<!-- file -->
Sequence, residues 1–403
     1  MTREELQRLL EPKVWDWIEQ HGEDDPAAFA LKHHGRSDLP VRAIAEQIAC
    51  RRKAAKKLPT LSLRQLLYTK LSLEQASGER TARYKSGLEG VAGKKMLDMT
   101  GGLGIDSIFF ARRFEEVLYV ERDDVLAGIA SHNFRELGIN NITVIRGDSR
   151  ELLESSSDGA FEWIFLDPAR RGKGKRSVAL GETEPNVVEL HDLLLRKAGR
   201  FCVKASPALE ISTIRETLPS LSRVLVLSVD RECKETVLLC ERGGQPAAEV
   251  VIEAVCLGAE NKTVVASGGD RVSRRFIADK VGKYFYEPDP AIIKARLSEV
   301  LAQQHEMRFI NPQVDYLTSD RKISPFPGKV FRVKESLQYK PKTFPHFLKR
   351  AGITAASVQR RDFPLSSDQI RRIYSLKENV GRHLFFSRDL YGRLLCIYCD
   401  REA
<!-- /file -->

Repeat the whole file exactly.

Sequence, residues 1–403
     1  MTREELQRLL EPKVWDWIEQ HGEDDPAAFA LKHHGRSDLP VRAIAEQIAC
    51  RRKAAKKLPT LSLRQLLYTK LSLEQASGER TARYKSGLEG VAGKKMLDMT
   101  GGLGIDSIFF ARRFEEVLYV ERDDVLAGIA SHNFRELGIN NITVIRGDSR
   151  ELLESSSDGA FEWIFLDPAR RGKGKRSVAL GETEPNVVEL HDLLLRKAGR
   201  FCVKASPALE ISTIRETLPS LSRVLVLSVD RECKETVLLC ERGGQPAAEV
   251  VIEAVCLGAE NKTVVASGGD RVSRRFIADK VGKYFYEPDP AIIKARLSEV
   301  LAQQHEMRFI NPQVDYLTSD RKISPFPGKV FRVKESLQYK PKTFPHFLKR
   351  AGITAASVQR RDFPLSSDQI RRIYSLKENV GRHLFFSRDL YGRLLCIYCD
   401  REA